Unless you've been living under a rock for the past few months, you're probably aware of this year's intense flu outbreak and its serious effects. As of February 13, the rate of flu-related hospitalizations was the highest the CDC has ever recorded in U.S. history, and Texas isn't immune to the illness. More than 100 North Texan lives have been claimed, and experts fear the worst of the influenza outbreak may still be on its way. Many DFW schools, offices, and other organizations have temporarily closed their doors as a result of the flu.
To combat the spread of the influenza in your community, here are a few things you can start doing today:
- Get vaccinated. Even though it's late in the flu season, it's not too late to get immunized against the illness, according to the CDC and other experts. This will help protect your immune system, as well as those of small children and the elderly that you come in contact with. Even if you do contract the flu after getting the vaccine, the illness will most likely be less severe and quicker to leave the body.
- Limit the amount of in-person meetings and events you attend. Obviously, you'll need to socialize and go out in public on certain days, but the more you can minimize your contact with potentially contagious people, the better.
- Wash your hands like you mean it. Sure, you run some hot water on your hands with a splash of soap a few times each day, but are you really desanitizing properly? Make sure it takes at least fifteen seconds to scrub your hands, and try to clean every spot thoroughly, even under your fingernails.
- Get moving every single day. Research has indicated that moderate exercise can boost the immune system and encourage it to send more white blood cells out to attack invading illness.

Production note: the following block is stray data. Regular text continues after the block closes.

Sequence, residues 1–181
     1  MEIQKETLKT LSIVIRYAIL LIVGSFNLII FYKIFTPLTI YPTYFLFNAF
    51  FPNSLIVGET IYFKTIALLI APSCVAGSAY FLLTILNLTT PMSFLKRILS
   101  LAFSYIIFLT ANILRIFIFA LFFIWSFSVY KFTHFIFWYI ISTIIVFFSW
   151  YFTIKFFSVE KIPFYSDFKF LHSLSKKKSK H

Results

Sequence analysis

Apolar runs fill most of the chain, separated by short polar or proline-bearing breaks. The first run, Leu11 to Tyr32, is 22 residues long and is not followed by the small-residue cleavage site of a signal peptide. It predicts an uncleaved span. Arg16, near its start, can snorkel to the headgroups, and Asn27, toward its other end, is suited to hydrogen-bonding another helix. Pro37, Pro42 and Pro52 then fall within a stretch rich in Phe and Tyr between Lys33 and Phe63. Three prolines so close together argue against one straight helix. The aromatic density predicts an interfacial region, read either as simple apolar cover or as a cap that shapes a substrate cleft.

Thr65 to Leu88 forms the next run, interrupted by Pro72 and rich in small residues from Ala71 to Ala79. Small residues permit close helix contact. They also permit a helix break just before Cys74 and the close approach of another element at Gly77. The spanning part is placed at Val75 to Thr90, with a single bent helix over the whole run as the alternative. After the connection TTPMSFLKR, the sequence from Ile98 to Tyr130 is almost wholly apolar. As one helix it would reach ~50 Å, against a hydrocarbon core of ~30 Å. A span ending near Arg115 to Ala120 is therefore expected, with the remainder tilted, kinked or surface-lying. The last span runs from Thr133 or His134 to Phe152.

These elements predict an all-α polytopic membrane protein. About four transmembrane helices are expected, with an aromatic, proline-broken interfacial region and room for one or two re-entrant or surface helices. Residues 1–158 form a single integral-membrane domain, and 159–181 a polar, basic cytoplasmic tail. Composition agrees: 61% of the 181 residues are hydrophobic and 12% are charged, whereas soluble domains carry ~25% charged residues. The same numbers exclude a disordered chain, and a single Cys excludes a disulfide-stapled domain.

- Disinfect surfaces and objects you touch frequently. Your phone, desk, keyboard, kitchen, and doorknobs can all harbor germs, so keep a can of Lysol and some anti-bacterial wipes handy.
- Avoid touching your eyes, nose, and mouth. This is the easiest way for germs to invade your body, especially if you're not great about washing your hands frequently.
- Get enough sleep every night. One of the best ways to prevent illnesses from taking root in your body is to boost your immune system with plenty of rest. Adults should be getting at least seven hours of sleep each night and children should be getting at least nine or ten.
If you do start to feel sick, immediately leave work or school to decrease your chances of spreading the flu. Head to a doctor for a flu test and antiviral drugs, then stay home until your fever has receded naturally for at least 24 hours straight. Do everything you can to minimize your exposure to others while you're infected and encourage your friends and family to be on high-alert for their own symptoms.
To learn more about the flu and what you can do to prevent it, check out the CDC's official guides and news. Stay safe and healthy, everyone!